Part 2: Cyber Hygiene Made Public – A Necessary Evil?
In part one
of this series, I addressed what DoD contractors could be doing to prepare for the CMMC security level rating. In part two of the series, I want to discuss our customers’ concerns about the possible impacts of having their company’s security rating made public.
According to the CMMC FAQ
, all companies conducting business with the DoD must be certified (not just those who handle CUI), and the level of certification for each company will be made public. How will the public disclosure of cyber hygiene ratings change the way companies do business? Will this be a motivating factor for contractors to improve their security posture or a demotivator to pursue government business?
I personally believe that this will be a motivation for companies to improve their security posture – and if it is not, it should be.
Whether you are pursuing business from the government or from a commercial entity, being able to produce a third-party assessment of your organization’s cyber hygiene will likely become an essential requirement of doing business.
As enterprises adopt cloud services and create complex integrations to deliver products and services, awareness of the security of their supply chain is going to be critical. When an organization looks to add new products and services to their supply chain, they are going to want to know how secure they are. When a vendor is breached, organizations will quickly need to find out if that vendor is part of their supply chain. Cyber insurance providers are going to look to measure cyber hygiene in order to determine premiums.
Of course, the size of the company must be taken into consideration when it comes to the burden an organization is able to bear in order to achieve a higher cyber hygiene rating. Will the larger prime contractors be the last ones standing after CMMC-certified organizations are established? Likely not.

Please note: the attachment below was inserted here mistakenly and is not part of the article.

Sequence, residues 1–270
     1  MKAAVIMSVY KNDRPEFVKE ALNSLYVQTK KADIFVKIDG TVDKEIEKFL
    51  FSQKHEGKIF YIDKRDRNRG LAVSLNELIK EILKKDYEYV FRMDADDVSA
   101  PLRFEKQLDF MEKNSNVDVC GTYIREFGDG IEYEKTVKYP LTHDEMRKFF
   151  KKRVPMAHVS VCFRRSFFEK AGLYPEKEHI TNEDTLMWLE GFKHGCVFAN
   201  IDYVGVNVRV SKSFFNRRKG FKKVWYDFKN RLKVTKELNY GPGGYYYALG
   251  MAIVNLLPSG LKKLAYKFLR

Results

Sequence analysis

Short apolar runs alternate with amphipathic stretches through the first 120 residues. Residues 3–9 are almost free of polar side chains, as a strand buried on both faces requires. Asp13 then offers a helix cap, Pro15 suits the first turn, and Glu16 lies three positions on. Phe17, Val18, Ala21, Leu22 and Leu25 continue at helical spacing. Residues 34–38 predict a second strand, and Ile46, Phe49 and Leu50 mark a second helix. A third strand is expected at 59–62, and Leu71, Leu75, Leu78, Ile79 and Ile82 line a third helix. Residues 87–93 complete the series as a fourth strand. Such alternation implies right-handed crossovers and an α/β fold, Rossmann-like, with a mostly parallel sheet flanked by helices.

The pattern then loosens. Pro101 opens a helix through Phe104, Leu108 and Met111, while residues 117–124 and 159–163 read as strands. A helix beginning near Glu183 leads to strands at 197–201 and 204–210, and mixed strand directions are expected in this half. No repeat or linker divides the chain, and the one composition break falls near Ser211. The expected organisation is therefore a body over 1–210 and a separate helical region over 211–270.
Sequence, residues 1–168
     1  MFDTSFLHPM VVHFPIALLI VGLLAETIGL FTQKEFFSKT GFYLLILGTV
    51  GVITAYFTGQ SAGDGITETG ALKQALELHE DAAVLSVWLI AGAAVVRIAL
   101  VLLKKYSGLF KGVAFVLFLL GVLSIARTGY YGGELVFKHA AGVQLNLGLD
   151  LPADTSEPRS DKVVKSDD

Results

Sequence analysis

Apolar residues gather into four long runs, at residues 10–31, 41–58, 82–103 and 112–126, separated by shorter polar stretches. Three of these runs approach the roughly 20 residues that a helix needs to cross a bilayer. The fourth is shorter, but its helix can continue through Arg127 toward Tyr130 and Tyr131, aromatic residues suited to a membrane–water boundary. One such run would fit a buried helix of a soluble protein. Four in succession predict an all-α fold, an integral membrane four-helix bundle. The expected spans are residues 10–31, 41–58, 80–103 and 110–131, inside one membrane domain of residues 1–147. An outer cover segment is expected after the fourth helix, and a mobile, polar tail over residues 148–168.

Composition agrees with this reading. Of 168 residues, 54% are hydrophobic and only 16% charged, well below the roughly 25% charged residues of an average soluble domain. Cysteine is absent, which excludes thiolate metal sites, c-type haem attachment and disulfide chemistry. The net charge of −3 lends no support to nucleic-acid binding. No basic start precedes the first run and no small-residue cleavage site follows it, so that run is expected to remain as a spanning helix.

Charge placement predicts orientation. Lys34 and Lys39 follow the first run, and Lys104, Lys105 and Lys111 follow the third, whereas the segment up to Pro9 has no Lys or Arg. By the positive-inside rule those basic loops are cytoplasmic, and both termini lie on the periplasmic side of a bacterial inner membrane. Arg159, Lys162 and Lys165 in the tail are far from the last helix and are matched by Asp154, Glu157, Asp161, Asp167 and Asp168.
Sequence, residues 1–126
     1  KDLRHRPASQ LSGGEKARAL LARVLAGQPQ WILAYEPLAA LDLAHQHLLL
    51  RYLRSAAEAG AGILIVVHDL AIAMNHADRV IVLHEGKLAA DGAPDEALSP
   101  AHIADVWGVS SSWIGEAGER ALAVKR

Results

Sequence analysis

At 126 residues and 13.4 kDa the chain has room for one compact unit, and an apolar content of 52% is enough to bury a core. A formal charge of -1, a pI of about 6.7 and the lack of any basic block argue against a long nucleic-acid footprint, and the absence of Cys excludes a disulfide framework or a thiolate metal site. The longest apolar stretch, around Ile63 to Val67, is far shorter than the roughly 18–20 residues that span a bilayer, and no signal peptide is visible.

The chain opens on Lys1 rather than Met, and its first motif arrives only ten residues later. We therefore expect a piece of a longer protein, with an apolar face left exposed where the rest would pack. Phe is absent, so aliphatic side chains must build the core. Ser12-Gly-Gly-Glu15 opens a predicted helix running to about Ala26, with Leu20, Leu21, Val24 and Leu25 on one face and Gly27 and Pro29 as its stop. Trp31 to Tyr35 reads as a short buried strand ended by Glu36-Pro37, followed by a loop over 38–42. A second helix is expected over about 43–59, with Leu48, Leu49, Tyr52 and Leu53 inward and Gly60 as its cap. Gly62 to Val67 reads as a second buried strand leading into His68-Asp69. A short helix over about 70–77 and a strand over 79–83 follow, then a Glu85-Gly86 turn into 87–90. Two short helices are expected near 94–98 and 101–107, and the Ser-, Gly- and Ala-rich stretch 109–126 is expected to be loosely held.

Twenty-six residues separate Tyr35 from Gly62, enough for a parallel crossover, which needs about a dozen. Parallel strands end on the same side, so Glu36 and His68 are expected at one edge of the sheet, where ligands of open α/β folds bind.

The CMMC is designed to have varying degrees of compliance (e.g. low, medium, high). However, the level required for compliance will be determined by the CUI the organization handles or processes, not by size. Obviously, these requirements will be more of a burden to a small sub-contractor that handles the same level of CUI as a large prime. However, the DoD has said that cybersecurity costs will become an “allowable expense” that will hopefully relieve some of the burden for small businesses.
Since past behavior is the best predictor of future behavior, it’s best to take a look back at the history of security compliance requirements in order to predict how companies will be impacted by the new CMMC requirements. When PCI DSS became a requirement to process cardholder data, companies large and small used one of two approaches to becoming compliant. They either 1) defined the parts of their network that process or store cardholder data and took actions to become compliant or 2) eliminated cardholder data from their network by relying on third parties to process and store that data for them. Similarly, when NERC CIP compliance became a requirement for utilities, companies evolved to become compliant. CMMC will likely have the same impact.
So, how will the public disclosure of cyber hygiene ratings change the way companies do business? In general, it will eventually be a necessary “evil” of doing business – period. Those organizations that sell to the government might just be the ones to go through hell before their commercial counterparts do.
Those who have concerns about obtaining the CMMC should review the listening tour webinars
and/or attend a live gathering. The CMMC FAQ website
is also a good resource of clarification.
Learn more about how Tripwire helps secure government agencies against cyberattacks and meet evolving compliance requirements here
Read Part 1 here